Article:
The hydrological cycle
The hydrological cycle is also known as the water cycle.
Seas and oceans contain 97 per cent of the world's water, and ice holds 2 per cent. That leaves just 1 per cent of the world's water as fresh water on land or in the air. This water is recycled again and again through the process ofevaporation, condensation and water transfers such as surface run-off.
The hydrological cycle Diagram
Terminology for study of rivers
Drainage basin - the area of land drained by a river.
- Catchment area - the area within the drainage basin.
- Watershed - the edge of highland surrounding a drainage basin. It marks the boundary between two drainage basins.
- Source - The beginning or start of a river.
- Confluence - the point at which two rivers or streams join.
- Tributary - a stream or smaller river which joins a larger stream or river.
- Mouth - the point where the river comes to the end, usually when entering a sea.
Terminology for study of river diagram
A river changes shape as it flows from its source (where a river starts) to its mouth (where a river flows into a sea or lake). The shape of both the long profile (a slice through the river from source to mouth) and the cross profile (a slice across the river) changes.
The source of a river is often - but not always - in an upland area. Near the source, a river flows over steep slopes with an uneven surface. It often flows over a series of waterfalls and rapids. Highland areas are usually composed of hard igneous rocks, which are ideal for forming such features.
As a river flows down steep slopes the water performs vertical erosion. This form of erosion cuts down towards the river bed and carves out steep-sided V-shaped valleys.
As the river flows towards the mouth, the slopes become less steep. Eventually the river will flow over flat land as it approaches the sea.
The discharge (amount of water flowing) will increase as the river approaches the sea.
Long Profile Diagram
Cross Profile diagram
Near the source of a river there is more vertical erosion as the river flows downhill, using its energy to overcome friction (A). As a result the channels are narrow and shallow and may contain large boulders and angular fragments eroded and weathered from the steep valley sides. The sediment in the river creates turbulence and friction.
As the river approaches the mouth, velocity and energy increase due to increased discharge. The river performs more lateral erosion making the channel wider, and smoother (B) and (C). As a result there is less turbulence and friction, making the flow of water more efficient.
Erosion in rivers
River processes shape the land in different ways as the river moves from its source to its mouth.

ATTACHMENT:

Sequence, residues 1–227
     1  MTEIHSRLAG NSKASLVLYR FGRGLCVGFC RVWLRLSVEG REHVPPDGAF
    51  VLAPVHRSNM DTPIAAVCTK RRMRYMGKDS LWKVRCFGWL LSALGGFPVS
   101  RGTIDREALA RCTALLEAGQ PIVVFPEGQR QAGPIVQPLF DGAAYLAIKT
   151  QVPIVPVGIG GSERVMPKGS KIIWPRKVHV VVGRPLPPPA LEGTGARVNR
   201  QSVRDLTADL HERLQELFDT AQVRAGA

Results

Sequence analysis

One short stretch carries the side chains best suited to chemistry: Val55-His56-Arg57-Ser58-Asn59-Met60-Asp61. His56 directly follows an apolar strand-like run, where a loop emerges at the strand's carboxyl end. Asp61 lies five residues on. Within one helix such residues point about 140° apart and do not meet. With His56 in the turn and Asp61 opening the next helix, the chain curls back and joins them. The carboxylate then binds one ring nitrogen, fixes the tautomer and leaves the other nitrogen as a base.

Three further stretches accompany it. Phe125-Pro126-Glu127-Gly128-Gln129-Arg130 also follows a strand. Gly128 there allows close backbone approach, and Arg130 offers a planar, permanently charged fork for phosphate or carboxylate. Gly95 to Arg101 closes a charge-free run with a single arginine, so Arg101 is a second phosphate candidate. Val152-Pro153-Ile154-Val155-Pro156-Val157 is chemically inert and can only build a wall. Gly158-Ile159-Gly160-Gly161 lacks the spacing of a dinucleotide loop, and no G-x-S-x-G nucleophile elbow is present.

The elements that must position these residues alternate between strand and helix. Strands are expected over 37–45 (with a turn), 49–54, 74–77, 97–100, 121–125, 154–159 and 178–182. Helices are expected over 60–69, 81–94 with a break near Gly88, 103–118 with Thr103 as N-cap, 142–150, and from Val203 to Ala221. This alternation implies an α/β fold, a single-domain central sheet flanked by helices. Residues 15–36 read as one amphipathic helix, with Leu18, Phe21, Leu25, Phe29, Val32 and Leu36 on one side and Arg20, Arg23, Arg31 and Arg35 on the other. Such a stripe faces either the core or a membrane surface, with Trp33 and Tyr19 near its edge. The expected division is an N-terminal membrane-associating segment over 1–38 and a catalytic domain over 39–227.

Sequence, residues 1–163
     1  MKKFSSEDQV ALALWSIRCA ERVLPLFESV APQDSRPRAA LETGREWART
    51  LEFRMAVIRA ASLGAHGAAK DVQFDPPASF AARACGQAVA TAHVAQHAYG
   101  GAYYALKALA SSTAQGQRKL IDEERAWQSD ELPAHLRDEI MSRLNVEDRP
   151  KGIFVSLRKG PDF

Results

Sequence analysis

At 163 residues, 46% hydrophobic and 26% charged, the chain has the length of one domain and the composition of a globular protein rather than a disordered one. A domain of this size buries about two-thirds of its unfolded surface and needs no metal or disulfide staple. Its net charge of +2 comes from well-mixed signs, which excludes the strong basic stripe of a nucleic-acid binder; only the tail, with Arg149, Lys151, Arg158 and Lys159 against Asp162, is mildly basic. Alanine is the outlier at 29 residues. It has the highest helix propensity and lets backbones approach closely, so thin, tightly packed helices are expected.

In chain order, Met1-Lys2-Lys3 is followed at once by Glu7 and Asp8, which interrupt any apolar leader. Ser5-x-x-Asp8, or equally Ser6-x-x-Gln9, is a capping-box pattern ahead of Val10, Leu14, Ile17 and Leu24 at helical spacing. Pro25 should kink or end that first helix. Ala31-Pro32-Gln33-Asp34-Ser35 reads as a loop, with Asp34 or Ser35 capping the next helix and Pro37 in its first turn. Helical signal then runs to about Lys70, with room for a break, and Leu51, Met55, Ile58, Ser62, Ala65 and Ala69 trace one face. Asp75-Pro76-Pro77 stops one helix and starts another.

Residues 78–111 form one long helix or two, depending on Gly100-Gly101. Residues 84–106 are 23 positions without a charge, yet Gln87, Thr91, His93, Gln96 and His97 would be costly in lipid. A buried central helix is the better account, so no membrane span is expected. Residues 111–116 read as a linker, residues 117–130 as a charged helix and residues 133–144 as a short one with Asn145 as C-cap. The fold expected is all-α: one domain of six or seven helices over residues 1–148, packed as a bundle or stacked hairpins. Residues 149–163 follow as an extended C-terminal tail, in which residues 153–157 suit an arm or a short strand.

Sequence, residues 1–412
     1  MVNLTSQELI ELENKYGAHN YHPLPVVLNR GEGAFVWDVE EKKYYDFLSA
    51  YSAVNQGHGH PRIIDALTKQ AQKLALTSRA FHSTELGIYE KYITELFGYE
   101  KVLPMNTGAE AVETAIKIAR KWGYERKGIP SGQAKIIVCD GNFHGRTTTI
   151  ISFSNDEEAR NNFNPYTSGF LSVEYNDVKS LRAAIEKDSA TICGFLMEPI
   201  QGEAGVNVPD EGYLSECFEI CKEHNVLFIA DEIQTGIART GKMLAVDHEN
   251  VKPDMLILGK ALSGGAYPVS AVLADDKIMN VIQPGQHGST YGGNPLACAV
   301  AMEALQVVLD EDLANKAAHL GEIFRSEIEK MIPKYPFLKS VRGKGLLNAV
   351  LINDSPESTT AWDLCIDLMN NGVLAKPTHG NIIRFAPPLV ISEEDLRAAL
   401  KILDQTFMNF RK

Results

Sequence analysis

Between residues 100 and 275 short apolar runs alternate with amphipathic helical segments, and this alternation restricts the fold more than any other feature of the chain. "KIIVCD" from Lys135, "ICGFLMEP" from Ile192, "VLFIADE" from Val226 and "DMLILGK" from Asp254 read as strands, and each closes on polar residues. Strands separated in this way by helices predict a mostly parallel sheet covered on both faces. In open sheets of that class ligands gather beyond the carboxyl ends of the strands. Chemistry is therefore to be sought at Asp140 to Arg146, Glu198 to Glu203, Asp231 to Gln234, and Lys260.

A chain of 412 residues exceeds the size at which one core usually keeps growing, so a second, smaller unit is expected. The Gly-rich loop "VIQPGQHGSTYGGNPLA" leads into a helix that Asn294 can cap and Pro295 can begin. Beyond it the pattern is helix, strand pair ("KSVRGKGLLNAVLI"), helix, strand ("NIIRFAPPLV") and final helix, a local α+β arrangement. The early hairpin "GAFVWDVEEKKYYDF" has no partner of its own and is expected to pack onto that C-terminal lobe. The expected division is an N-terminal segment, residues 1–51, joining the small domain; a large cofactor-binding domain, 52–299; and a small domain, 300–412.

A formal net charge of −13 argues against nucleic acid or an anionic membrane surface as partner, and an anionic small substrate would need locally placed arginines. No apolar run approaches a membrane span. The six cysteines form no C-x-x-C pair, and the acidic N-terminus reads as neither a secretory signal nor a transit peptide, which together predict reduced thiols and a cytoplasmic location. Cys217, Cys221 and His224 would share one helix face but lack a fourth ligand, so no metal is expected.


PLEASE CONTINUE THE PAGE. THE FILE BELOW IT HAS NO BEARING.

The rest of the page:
Erosion involves the wearing away of rock and soil found along the river bed and banks. Erosion also involves the breaking down of the rock particles being carried downstream by the river.
The four main forms of river erosion
- Hydraulic action - the force of the river against the banks can cause air to be trapped in cracks and crevices. The pressure weakens the banks and gradually wears it away.
- Abrasion - rocks carried along by the river wear down the river bed and banks.
- Attrition - rocks being carried by the river smash together and break into smaller, smoother and rounder particles.
- Solution - soluble particles are dissolved into the river.
Rivers pick up and carry material as they flow downstream.
The four different river transport processes
- Solution - minerals are dissolved in the water and carried along in solution.
- Suspension - fine light material is carried along in the water.
- Saltation - small pebbles and stones are bounced along the river bed.
- Traction - large boulders and rocks are rolled along the river bed.
Rivers need energy to transport material, and levels of energy change as the river moves from source to mouth.
- When energy levels are very high, large rocks and boulders can be transported. Energy levels are usually higher near a river's source, when its course is steep and its valley narrow. Energy levels rise even higher in times of flood.
- When energy levels are low, only small particles can be transported (if any). Energy levels are lowest when velocity drops as a river enters a lake or sea (at the mouth).
When a river loses energy, it will drop or deposit some of the material it is carrying.
- Deposition may take place when a river enters an area of shallow water or when the volume of water decreases - for example, after a flood or during times of drought.
- Deposition is common towards the end of a river's journey, at the mouth.
- Deposition at the mouth of a river can form deltas - for example, theMississippi Delta.